THE WHITNEY SANDWICH: Hey, look, bullet points:
  • Right out of the box, three AI rules broken: No Whitney; No Freddie Mercury; the Jennifer Fuentes rule.
  • I think I liked Asia'h Epperson, but I missed a chunk of the song trying to figure out whether that was a jumpsuit made out of a top sewn into ultra-high-waisted satin jeans. Do you know that there is nothing in the world less sexy than ultra-high-waisted jeans? Not even lemon parties. Hey, what's being contracted in the name "Asia'h"?
  • Kady Malloy: hit exactly none of the notes (and it's a good thing she's not long for the show -- one gets the sense that of all the women, she's the one most likely to be a train wreck three weeks after hitting the big time; also, in her interview, I think she was wearing a plastic fez);
  • Spacewoman: "Who's voting for Amanda Overmyer?" Me: "Chain-smoking midwestern biker nurses?" Spacewoman: "All of them, I guess." I hated it. I'm 0 for 3 with Simon so far tonight. Adam is right that she's a cut-rate Dilana, right down to the stiff foot-stomping dance. I didn't like Dilana either.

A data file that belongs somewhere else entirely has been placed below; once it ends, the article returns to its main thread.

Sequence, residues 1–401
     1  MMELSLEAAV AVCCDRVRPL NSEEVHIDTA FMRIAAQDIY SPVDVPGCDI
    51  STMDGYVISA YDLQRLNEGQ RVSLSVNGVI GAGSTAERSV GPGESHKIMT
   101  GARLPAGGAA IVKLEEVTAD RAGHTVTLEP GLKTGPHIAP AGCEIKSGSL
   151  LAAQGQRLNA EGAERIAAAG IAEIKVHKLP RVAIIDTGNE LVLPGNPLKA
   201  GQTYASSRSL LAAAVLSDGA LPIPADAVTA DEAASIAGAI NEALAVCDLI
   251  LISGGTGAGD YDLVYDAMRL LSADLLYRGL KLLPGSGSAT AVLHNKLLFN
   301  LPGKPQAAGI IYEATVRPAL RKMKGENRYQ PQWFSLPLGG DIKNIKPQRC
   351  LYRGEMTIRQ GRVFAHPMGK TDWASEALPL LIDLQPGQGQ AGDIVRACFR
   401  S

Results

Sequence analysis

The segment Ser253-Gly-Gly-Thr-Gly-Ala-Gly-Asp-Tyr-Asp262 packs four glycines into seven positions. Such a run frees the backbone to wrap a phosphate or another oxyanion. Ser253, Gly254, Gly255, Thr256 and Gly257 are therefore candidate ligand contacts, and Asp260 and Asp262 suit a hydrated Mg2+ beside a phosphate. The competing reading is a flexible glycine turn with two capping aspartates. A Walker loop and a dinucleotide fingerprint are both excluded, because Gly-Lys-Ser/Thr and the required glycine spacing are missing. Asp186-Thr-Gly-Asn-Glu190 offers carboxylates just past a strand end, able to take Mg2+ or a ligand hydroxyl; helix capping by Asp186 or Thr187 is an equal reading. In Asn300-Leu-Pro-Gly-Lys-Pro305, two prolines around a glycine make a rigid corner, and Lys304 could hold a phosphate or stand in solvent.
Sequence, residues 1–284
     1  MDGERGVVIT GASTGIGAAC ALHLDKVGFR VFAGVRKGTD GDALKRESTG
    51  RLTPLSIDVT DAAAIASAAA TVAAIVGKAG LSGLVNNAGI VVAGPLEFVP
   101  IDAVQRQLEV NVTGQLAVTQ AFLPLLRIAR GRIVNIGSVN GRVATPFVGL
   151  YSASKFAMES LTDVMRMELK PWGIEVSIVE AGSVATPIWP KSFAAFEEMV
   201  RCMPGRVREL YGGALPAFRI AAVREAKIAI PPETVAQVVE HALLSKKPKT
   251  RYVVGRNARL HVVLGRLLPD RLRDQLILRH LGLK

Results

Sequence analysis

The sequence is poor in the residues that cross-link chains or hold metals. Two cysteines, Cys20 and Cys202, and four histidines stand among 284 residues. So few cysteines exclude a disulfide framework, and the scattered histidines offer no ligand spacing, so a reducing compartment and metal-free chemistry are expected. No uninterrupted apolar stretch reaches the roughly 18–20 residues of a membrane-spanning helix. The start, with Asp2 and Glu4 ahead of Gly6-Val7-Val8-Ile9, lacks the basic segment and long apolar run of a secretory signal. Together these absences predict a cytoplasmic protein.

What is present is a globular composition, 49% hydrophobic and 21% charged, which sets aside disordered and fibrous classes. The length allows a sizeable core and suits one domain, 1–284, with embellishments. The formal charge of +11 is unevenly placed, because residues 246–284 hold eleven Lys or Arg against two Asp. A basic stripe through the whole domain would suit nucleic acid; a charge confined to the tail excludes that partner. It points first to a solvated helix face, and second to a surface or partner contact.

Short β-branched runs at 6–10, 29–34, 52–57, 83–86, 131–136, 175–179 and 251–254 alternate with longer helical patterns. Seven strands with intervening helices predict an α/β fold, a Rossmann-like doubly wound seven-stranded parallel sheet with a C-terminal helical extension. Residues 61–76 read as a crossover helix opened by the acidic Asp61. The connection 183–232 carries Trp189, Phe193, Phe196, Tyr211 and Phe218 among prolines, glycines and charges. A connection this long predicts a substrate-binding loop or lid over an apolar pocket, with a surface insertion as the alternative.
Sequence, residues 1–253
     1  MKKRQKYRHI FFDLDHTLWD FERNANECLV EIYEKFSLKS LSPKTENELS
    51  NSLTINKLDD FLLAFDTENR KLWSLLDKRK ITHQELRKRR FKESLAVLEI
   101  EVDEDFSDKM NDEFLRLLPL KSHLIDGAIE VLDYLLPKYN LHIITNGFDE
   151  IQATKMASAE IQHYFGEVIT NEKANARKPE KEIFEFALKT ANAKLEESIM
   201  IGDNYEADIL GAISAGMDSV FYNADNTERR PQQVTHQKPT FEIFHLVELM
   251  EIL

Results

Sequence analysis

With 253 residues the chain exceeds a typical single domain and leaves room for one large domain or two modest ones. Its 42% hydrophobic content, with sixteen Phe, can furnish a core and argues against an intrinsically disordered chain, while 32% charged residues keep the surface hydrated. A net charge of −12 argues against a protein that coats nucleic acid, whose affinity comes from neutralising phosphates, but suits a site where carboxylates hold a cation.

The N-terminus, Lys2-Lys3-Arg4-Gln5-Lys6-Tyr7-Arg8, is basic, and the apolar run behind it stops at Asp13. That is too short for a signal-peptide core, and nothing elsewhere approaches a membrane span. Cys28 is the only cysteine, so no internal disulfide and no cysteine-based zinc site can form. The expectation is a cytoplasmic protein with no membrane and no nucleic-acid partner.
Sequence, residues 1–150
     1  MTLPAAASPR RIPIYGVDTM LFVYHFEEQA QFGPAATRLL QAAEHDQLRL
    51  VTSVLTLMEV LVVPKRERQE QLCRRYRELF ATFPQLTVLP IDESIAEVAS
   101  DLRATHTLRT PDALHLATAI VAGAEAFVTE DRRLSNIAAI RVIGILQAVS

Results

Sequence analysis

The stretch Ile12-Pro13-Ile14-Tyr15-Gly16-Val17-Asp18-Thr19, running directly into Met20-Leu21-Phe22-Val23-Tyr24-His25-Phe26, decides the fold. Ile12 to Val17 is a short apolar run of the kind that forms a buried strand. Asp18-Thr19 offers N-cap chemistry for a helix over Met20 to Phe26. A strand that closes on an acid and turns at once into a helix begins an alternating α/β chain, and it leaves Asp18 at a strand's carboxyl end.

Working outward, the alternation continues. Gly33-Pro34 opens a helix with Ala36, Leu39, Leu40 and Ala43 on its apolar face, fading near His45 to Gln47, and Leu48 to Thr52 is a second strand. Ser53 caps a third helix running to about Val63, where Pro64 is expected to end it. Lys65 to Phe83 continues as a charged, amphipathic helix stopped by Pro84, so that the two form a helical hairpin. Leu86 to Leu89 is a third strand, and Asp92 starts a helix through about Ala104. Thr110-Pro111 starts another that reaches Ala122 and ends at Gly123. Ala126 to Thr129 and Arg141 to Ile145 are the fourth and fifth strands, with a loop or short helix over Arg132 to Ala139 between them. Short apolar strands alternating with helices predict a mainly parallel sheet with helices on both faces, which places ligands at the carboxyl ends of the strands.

• Three Bystanders Critically Injured as Randy Jackson Fires Excitement Gun at Carly Smithson
  • "Faithfully" is not a song that was begging to be slowed down (or half-assedly countrified). Spacewoman: "Wow, her tongue is so red. Did she just have a lollipop?"
  • If you've never heard the "This American Life" story about "Against All Odds," you really must.
  • Really nice understated reinterpretation of "Love is a Battlefield" by Brooke White. Brooke White is the second-sexiest married prude in America -- and Cindy McCain had better watch her back.
  • If one is going to wear a tie to work, cinch it up and button the shirt. Ryan looks like a salaryman at two a.m.
  • And we finish with another Whitney, nicely done.
The good: Syesha, Brooke
The good enough: Asia'h, Kristy Lee, Carly, Ramiele
In danger of another embarassing moment tomorrow night: Kady
Please put me out of my misery: Over My Er.

Wednesday, March 5, 2008

BOUGHT A BEAT-UP SIX-STRING AT A SECOND-HAND STORE: A comment by Erin in the Swayze post below made me wonder: what was the first album (or, if you are wee, the first tape or CD) you owned? Mine: owned - Sgt. Pepper (appropriated from my dad); bought - Elton John's Greatest Hits (purchased mostly with pennies at Oswego Plaza, to my dad's amusement and my sister's mortification).